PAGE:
The Three Most Dangerous Words in the World, and the Damnable Lie

Every now and then, we publish an article that seems, all alone, to justify the long work we’ve put into developing Patheos.  If we have created a platform for content like this, if we can help content like this reach a broader audience, then we’re doing something truly worthwhile.

What are “The Three Deadliest Words in the World“?  My father, who had just read the article, posed the question to me over the phone.  I thought, I love you has probably gotten a lot of people in trouble.  Maybe we declare war?  A. G. Harmon, in his excellent essay for Good Letters, a blog of IMAGE Journal, says the three deadliest words in the world today are “It’s a girl.”

And it’s hard to argue against that.  Official estimates of the number of girls who would have been alive today — who were put to death simply because they were girls — at 200 million worldwide.  And that’s only the count for infanticide.  If one included taking the life of the child while still inside the womb, the number would be a great deal larger.  Here’s how Harmon begins the piece:

The woman in this picture has just related to a film crew how she killed her newborn daughter by strangulation. She killed eight of her newborn daughters, in fact, and can lead you to the tree-shaded plot of ground where she has buried all of them. The earth is rich there, rounded and fertile. The mound where the infants lie rises over them in a gentle slope, like the swell of mother-flesh.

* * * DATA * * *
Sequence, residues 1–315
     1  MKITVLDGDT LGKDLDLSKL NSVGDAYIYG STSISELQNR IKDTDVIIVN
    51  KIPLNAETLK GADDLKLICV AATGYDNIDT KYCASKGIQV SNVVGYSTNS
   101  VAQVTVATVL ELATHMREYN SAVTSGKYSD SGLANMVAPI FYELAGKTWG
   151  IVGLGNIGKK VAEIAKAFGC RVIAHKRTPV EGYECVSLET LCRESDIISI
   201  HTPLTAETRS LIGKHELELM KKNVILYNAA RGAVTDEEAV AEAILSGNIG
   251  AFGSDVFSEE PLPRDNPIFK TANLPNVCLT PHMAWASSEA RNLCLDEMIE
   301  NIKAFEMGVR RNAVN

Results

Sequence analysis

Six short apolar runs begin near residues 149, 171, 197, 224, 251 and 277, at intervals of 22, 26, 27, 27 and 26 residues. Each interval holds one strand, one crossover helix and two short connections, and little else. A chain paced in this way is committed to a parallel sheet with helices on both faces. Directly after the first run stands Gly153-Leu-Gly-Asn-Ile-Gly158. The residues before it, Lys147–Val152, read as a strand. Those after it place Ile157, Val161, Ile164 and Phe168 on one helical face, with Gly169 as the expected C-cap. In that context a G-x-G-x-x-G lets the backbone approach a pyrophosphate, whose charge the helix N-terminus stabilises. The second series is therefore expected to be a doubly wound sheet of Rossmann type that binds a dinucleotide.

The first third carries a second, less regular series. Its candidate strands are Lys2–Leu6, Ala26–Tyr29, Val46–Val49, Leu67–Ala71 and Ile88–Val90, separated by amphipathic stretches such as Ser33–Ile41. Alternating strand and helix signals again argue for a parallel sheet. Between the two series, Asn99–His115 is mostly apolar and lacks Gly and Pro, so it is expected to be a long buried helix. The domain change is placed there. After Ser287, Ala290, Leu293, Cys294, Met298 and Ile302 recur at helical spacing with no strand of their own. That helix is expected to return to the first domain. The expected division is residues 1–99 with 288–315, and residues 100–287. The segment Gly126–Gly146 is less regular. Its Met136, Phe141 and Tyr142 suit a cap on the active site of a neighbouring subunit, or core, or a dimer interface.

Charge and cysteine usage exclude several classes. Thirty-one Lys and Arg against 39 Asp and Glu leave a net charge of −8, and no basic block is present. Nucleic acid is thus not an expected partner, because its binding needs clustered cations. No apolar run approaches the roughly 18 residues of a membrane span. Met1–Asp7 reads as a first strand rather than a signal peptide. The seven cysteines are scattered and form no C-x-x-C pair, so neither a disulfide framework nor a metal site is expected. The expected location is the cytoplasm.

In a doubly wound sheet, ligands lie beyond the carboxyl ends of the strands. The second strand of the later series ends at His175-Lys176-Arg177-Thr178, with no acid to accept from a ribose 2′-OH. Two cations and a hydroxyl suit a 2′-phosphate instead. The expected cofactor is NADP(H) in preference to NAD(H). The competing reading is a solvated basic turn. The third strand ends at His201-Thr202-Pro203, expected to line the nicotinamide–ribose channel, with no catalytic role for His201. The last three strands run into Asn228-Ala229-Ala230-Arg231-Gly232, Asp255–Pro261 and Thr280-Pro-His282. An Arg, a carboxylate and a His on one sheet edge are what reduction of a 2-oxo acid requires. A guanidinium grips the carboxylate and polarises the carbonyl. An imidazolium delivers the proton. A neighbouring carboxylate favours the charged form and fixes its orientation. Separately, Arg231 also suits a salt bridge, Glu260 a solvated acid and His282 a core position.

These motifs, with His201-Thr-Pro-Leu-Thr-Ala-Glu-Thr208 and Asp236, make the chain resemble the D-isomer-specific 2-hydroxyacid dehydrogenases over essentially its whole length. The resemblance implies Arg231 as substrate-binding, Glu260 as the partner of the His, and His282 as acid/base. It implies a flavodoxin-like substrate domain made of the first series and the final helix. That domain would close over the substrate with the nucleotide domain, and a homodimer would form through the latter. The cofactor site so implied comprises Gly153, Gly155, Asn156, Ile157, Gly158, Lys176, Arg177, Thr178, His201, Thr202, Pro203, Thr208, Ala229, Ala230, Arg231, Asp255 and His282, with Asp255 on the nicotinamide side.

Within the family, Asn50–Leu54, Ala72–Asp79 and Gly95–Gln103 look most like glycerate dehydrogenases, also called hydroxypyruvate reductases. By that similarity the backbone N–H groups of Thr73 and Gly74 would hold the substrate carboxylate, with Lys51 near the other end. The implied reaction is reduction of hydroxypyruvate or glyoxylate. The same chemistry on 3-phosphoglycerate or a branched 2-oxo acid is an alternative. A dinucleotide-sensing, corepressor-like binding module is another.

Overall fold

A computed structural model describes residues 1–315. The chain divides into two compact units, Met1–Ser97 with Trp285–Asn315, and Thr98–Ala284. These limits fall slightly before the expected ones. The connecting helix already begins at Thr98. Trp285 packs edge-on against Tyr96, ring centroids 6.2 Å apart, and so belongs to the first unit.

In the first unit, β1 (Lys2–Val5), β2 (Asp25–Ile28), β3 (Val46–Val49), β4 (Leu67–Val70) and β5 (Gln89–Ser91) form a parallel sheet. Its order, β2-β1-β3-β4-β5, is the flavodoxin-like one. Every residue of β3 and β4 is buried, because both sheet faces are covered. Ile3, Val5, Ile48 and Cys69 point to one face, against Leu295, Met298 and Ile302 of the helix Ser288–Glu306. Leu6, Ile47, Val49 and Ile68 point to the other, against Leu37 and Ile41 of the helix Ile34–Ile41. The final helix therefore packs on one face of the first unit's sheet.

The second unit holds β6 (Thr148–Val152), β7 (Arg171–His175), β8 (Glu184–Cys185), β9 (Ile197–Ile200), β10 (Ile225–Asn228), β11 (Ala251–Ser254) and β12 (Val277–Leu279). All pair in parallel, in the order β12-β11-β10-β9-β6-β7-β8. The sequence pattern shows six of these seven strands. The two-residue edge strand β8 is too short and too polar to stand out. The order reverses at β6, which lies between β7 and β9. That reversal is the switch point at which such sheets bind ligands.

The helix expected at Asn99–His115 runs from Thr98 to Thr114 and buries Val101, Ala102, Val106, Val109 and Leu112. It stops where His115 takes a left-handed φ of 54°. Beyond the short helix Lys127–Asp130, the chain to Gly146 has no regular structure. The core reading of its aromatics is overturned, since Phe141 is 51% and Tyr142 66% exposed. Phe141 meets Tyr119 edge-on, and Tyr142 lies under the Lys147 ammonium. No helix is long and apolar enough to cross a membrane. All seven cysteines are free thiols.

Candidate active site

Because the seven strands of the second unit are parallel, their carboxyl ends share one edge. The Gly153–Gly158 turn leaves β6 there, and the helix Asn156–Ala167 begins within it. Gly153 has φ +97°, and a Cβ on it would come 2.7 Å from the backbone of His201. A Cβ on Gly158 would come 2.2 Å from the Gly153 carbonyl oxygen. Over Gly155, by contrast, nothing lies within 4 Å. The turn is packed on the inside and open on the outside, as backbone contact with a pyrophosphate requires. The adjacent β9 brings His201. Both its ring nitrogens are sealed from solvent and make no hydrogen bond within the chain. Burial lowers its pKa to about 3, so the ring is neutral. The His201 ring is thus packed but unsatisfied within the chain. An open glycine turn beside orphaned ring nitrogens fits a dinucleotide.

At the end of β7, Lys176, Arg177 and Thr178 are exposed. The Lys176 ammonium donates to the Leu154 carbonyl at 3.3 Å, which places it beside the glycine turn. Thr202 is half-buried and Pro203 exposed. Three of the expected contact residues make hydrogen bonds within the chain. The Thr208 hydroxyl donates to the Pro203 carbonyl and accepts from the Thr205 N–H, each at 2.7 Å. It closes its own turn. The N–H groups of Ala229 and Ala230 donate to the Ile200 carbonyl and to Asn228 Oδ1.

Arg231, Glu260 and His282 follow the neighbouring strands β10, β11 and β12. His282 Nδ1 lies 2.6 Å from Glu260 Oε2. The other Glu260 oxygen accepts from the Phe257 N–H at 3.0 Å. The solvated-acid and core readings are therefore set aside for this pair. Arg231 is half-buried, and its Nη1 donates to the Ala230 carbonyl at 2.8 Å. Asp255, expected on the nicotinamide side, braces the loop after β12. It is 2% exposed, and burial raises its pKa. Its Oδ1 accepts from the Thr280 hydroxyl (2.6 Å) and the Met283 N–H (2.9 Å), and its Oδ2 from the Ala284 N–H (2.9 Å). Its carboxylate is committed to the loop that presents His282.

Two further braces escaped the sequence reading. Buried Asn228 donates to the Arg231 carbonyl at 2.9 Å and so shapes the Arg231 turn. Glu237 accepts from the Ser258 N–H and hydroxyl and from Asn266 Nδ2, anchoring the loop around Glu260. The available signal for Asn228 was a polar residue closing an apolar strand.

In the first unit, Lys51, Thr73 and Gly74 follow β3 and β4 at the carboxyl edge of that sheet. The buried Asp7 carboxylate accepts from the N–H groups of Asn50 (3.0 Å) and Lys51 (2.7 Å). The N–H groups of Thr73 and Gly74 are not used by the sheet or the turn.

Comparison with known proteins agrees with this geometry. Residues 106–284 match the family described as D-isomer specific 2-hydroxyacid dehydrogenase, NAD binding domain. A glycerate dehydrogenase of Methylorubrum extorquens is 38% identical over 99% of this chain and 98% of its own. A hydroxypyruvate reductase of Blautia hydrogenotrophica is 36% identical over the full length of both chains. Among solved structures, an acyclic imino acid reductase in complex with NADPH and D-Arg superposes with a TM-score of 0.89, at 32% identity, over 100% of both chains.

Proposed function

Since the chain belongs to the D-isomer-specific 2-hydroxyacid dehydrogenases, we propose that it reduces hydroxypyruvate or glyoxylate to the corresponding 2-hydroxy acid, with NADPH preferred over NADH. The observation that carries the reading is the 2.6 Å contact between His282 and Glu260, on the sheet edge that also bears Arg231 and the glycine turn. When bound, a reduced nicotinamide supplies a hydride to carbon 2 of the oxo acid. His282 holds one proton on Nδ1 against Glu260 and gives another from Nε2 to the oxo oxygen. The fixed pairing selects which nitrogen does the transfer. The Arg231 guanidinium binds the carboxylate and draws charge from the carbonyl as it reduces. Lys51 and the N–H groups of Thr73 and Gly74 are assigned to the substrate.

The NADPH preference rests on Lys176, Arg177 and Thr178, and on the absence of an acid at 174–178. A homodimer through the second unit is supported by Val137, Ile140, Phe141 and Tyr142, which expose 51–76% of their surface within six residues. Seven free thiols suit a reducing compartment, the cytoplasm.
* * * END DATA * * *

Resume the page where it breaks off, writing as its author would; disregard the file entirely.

This woman is not unusual in her Indian village. She and her neighbors explain through a strange kind of laughter the myriad ways that they have dispatched their female children. One of the most common is to dampen a piece of cloth—large enough to swaddle the child in—then lay the wet fabric over the baby’s face, so that she can’t breathe. Other options are to expose the child to the elements or to place her in a box near the river and walk away.

I have to quote the ending, too, but I strongly encourage you to read the post in full.  Here it is:

It is a damnable lie not to call this business what it is.

These girls are being murdered at every stage of life, and those who survive are being subjected to every form of indignity. However tragic the poverty that motivates such a thing, the fact remains. To deny it, to be too uncomfortable to look at it, to be too embarrassed to see it, is to be complicit in it.

There is no problem so great that this kind of barbarism can be the solution, and the salvation of these lives must become a priority for any people who dare call themselves civilized. Otherwise, as Mother Teresa said, the true poverty becomes our own: that any child must die in order for us to live the lives we wish.

Read the whole thing.  Congrats to A.G. Harmon, and to editor Gregory Wolfe, for an excellent piece.

About Timothy Dalrymple

Timothy Dalrymple was raised in non-denominational evangelical congregations in California. The son and grandson of ministers, as a young boy he spent far too many hours each night staring at the ceiling and pondering the afterlife.
 
In all his work he seeks a better understanding of why people do, and do not, come to faith, and researches and teaches in religion and science, faith and reason, theology and philosophy, the origins of atheism, Christology, and the religious transformations of suffering

  • http://stowellbrown.blogspot.com/ Flyaway

    This is unbelievable. I pray that hearts will be changed before it is too late to change.

  • Bobby B.

    Thanks for keeping our attention on this truly global problem. Prayer and faithful action are in order.


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